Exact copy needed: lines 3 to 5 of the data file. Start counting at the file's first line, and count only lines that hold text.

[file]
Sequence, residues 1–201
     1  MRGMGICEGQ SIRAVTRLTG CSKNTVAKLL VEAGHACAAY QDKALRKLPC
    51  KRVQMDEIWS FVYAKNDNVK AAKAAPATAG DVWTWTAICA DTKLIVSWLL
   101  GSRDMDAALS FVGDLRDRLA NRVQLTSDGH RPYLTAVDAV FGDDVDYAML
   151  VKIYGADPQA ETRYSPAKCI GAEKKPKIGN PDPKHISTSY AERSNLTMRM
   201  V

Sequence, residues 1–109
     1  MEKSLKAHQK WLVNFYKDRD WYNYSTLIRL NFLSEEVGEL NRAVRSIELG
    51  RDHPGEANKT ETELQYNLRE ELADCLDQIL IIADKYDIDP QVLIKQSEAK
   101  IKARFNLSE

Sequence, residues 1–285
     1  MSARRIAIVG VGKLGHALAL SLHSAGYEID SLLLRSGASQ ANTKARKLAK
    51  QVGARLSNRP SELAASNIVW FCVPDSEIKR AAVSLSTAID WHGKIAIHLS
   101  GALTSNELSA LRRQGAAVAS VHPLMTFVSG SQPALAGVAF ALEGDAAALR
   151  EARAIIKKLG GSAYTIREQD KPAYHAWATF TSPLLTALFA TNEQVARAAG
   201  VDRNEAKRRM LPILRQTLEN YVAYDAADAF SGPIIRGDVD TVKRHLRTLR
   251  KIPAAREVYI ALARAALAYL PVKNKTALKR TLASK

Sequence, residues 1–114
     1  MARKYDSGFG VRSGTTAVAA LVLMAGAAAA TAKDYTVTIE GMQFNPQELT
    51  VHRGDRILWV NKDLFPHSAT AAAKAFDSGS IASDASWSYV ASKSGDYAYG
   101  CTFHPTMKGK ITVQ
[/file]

    51  KRVQMDEIWS FVYAKNDNVK AAKAAPATAG DVWTWTAICA DTKLIVSWLL
   101  GSRDMDAALS FVGDLRDRLA NRVQLTSDGH RPYLTAVDAV FGDDVDYAML
   151  VKIYGADPQA ETRYSPAKCI GAEKKPKIGN PDPKHISTSY AERSNLTMRM